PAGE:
Singapore-based company 3D Portrait Singapore said that its “replicas are real-sized, detailed and printed from your own baby’s hands feet using safe and natural products even for babies sensitive’s skin”, adding that replicas can even be made for the whole family. The casting process takes one to two minutes per hand, and the company also casts baby boy genitals and baby belly buttons at your request.
The 3D baby portraits range from $355 to $500, depending on the package, and home visits can be arranged.
Umbilical cord art
Now, we’ve all looked at leaves or cheek scrapings under the scrutiny of a microscope. But one company has started looking into umbilical cords a little more closely – literally.
The only company to offer such services so far, US-based Little Cord Art sells both physical and digital copies of art pieces that are essentially a close-up look at the cross-section of your baby’s umbilical cord.
How is it done? Well, first you purchase a collection kit well in advance of your stipulated due date – preferably at least two weeks before, the company said. Inside, there’s everything you need – instructions, a sealed blade, a specimen jar with preservative solution, an information card and a fully pre-paid return DHL envelope to send the cord sample back to Little Cord Art. You then hand over everything to your doctor or midwife, who will collect the cord sample. But because you’re shipping over human tissue to the US, the company has arranged for special DHL process and packing – this would cost around $200 to $275, just for shipping the collection kit from Singapore alone.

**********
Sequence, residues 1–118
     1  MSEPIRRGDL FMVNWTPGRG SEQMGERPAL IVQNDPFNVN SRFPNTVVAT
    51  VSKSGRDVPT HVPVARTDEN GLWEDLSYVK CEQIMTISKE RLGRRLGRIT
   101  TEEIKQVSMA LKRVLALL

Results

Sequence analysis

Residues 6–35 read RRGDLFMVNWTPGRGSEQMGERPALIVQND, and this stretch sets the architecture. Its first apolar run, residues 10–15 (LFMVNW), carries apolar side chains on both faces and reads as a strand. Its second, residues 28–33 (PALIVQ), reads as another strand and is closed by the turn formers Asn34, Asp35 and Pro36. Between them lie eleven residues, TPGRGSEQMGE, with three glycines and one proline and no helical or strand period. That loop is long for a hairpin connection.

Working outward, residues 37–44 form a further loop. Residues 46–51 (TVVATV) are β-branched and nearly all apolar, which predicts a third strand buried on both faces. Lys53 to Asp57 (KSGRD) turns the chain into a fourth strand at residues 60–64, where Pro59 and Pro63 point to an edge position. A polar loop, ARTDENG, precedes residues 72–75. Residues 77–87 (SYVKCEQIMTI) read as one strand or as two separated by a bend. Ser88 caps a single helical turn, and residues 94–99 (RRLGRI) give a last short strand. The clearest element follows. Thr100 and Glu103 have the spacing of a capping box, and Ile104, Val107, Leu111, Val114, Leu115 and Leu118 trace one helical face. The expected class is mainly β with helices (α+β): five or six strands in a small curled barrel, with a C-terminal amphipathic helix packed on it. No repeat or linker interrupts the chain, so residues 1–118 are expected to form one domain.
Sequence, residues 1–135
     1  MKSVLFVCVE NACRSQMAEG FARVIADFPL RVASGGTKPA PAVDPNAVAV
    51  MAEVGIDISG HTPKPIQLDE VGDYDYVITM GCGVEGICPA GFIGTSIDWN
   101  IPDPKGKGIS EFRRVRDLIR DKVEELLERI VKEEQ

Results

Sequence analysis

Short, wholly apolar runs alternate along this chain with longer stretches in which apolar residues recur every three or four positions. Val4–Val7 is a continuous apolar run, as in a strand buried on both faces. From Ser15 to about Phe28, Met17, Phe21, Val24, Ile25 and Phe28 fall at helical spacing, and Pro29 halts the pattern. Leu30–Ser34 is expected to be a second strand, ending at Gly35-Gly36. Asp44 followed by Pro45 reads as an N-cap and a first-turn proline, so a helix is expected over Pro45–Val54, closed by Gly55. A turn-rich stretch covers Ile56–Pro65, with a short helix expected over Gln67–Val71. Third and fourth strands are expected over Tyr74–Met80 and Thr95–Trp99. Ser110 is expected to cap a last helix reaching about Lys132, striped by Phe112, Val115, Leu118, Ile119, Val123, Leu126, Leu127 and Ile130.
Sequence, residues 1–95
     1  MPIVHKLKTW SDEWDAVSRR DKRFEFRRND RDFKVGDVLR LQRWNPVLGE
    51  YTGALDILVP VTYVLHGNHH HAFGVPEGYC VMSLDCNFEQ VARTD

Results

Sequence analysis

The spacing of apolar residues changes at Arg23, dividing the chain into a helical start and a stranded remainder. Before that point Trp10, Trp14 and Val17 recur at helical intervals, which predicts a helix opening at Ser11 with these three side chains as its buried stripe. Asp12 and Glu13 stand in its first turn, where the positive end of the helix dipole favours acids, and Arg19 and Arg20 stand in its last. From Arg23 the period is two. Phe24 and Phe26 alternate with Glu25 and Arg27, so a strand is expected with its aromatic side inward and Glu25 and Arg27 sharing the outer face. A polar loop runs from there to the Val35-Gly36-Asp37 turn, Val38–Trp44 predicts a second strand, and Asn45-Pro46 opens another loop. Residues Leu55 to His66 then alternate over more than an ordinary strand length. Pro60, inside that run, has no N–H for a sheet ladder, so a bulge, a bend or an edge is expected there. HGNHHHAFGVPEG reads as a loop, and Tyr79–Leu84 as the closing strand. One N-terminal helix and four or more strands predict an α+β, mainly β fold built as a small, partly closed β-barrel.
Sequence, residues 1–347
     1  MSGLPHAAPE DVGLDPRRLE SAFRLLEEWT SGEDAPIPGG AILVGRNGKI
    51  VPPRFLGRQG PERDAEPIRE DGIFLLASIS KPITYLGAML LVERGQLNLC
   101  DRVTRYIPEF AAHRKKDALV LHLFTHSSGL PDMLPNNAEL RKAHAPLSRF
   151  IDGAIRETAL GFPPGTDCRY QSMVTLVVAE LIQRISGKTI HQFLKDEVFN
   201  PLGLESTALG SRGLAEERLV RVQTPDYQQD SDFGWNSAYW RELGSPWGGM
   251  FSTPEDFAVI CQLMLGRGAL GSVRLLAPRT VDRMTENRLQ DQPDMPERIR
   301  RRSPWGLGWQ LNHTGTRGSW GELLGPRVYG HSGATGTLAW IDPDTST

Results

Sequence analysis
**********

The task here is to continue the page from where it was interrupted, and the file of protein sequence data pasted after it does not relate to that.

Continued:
After which, it will place the cord sample in paraffin wax, slice individual specimens and place them on microscope slides. Various stains are applied to the slides to make the cellular details visible to the naked eye. Three to five slides are produced – all with different colour schemes – and placed under a microscope that magnifies the tissue up to 400 times. The images are then photographed, printed and mounted on a frame.
If you choose to purchase a canvass, prices range from US$305 to US$605 ($421 to $835). A digital purchase – you can then print it at your preferred printer and get it mounted or framed yourself – costs $345.
Featured image taken from Tokens of Eternity‘s Facebook page.